A dietary supplement is defined in the California Code of Regulations
as an article (other than tobacco) intended to supplement the diet, and contains
specified dietary ingredients. A dietary supplement is labeled as
such, and is intended to be ingested in a pill, capsule, tablet or liquid form,
and is not represented for use as a conventional food or as the sole item of a
meal or diet.
The federal definition further states, “A dietary supplement is
a product taken by mouth that contains a "dietary ingredient" intended to
supplement the diet. The "dietary ingredients" in these products may include:
vitamins, minerals, herbs or other botanicals, amino acids, and substances such
as enzymes, organ tissues, glandulars, and metabolites. Dietary supplements can
also be extracts or concentrates, and may be found in many forms such as
tablets, capsules, soft gels, gel caps, liquids, or powders. They can also be in
other forms, such as a bar, but if they are, information on their label must not
represent the product as a conventional food or a sole item of a meal or
Whatever their form may be, dietary supplements are required to
be clearly labeled as dietary supplements, herbal supplements or with a similar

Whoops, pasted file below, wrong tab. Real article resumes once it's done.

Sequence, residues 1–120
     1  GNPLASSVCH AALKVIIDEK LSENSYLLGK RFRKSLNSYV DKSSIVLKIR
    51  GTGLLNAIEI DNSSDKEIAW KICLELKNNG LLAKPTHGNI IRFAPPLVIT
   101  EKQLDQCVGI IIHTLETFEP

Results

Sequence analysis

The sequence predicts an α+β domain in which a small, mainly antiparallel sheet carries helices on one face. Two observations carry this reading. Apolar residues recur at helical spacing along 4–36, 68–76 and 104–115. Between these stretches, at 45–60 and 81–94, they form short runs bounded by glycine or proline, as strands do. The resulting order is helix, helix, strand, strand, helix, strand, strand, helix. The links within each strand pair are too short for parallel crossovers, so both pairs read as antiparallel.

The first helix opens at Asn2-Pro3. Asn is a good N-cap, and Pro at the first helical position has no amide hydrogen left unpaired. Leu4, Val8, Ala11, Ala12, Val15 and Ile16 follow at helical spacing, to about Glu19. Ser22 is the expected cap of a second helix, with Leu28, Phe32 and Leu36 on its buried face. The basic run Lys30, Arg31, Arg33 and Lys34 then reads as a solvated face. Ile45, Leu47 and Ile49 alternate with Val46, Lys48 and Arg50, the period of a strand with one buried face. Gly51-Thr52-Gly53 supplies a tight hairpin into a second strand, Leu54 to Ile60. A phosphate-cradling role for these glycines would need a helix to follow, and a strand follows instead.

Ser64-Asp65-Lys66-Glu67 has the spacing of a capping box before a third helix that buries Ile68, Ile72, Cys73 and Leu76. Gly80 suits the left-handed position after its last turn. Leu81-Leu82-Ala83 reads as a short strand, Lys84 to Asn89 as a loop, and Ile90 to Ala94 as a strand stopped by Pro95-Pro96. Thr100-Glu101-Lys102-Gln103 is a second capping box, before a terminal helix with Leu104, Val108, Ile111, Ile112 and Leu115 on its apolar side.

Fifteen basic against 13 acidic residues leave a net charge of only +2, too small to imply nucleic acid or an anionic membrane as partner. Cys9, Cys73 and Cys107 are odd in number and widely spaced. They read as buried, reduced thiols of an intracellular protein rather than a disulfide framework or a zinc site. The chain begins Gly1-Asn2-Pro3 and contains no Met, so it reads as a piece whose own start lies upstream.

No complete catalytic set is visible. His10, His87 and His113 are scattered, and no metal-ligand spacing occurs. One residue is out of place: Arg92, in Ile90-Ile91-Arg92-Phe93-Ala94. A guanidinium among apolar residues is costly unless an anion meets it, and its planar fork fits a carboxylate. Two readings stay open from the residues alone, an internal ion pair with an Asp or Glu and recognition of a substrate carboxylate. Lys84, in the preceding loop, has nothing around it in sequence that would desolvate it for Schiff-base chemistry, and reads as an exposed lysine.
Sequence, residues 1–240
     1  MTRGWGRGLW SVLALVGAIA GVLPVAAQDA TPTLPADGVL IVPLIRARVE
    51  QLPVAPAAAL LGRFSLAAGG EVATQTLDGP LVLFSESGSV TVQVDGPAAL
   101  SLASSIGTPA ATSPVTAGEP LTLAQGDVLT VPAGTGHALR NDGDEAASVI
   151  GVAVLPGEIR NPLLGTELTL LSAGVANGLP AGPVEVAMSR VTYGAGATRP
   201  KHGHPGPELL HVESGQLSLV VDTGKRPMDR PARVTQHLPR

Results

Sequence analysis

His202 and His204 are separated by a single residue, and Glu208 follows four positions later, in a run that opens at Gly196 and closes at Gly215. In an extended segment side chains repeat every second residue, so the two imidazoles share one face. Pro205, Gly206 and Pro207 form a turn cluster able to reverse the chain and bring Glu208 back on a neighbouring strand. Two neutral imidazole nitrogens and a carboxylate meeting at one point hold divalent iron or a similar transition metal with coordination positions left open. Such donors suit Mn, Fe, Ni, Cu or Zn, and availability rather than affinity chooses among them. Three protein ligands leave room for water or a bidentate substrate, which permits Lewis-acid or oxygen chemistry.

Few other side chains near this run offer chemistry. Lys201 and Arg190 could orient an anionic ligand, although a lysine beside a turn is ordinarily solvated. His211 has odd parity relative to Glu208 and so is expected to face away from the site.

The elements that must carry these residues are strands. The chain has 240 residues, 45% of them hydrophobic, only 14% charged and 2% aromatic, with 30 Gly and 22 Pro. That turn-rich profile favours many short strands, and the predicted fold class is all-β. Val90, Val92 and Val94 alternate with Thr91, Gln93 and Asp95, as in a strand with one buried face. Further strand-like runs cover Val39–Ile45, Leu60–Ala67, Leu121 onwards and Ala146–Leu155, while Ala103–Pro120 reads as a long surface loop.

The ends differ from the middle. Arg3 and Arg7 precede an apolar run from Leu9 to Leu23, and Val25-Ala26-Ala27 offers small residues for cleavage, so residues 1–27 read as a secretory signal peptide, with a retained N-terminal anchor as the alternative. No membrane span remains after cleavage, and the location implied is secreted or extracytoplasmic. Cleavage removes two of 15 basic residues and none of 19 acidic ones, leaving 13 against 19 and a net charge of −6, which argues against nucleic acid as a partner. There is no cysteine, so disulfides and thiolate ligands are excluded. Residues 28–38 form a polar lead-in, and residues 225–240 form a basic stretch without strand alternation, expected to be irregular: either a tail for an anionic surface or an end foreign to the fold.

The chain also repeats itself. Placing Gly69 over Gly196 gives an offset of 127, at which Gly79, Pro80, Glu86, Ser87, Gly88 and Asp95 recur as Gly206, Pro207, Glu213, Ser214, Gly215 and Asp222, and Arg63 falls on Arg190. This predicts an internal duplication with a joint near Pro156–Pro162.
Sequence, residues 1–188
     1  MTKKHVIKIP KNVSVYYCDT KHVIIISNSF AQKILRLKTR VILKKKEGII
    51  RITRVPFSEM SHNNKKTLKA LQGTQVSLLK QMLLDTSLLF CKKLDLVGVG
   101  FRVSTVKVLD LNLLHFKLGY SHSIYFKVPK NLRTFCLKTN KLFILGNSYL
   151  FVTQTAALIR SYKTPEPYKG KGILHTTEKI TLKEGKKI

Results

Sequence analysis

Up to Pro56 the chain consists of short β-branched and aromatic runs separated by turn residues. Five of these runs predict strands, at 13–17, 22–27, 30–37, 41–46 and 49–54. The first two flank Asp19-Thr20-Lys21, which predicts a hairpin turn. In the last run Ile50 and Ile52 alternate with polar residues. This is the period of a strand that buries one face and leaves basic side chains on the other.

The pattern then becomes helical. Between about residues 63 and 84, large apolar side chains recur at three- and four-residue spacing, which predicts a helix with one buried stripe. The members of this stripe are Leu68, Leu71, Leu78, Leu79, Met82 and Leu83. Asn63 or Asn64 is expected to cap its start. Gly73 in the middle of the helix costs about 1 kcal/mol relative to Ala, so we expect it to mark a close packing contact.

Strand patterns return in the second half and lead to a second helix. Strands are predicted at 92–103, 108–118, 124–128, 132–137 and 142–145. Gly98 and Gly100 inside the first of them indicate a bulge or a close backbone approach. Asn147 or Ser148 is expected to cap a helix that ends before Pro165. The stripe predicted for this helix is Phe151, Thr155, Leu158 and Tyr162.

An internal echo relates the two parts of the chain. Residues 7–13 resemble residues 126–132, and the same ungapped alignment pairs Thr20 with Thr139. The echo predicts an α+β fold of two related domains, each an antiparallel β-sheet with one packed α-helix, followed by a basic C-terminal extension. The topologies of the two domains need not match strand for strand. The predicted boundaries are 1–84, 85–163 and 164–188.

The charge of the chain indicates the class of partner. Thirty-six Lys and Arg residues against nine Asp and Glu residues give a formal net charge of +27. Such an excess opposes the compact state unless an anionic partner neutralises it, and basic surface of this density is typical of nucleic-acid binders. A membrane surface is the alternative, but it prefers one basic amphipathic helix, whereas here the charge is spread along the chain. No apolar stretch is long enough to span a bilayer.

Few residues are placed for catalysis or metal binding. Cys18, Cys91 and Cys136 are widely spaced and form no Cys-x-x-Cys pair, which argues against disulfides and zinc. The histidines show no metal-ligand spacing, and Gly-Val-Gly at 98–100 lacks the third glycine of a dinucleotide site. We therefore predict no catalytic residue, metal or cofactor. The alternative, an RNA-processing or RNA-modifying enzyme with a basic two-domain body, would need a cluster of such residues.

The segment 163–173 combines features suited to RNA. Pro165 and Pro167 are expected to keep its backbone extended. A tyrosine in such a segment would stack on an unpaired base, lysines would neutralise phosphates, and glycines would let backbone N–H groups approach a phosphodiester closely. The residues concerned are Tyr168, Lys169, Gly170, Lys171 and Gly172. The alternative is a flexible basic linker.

term. Dietary supplements are not drugs. Any person
that engages in the manufacture, packing, or holding of dietary supplements in
California must have a valid Processed Food Registration (see link
Because of their unique qualities and safety concerns, dietary supplements
are regulated differently than conventional foods.
The Current Good Manufacturing Practice (cGMP) for manufacturing, packaging,
labeling, and holding operations for dietary supplements are found in Title 21
of the Code of Federal Regulations Part 111 (21 CFR Part 111).
Dietary Supplements must be labeled according to the Dietary Supplement
Health and Education Act (DSHEA). Under DSHEA, a dietary
supplement can make certain structure function claims, but cannot be sold for
the treatment, prevention, mitigation, or cure of diseases or conditions
associated with known diseases. Such claims render the products
unapproved drugs, and it is illegal to manufacture and sell unapproved
DSHEA requires manufacturers to provide a “disclaimer” statement indicating
that the FDA has not evaluated the accuracy of the claim being made, when an
allowable structure function claim is made.
In addition, California has specific regulations that require a warning
statement on the labels of dietary supplements that contain stimulant laxative
ingredients, such as senna, cascara sagrada, aloe latex, buckthorn, frangula,
and rhubarb root.
If a dietary supplement is labeled or advertised as “certified organic” or
bears the USDA organic seal, the product must meet the “food” standards set by
the National Organic Program (NOP); including certification by an accredited
agency. The processor or handler must also possess an Organic
Processed Products Registration, issued by CDPH.
If you would like to file a complaint regarding a dietary supplement, please
contact our toll free complaint line at (800) 495-3232.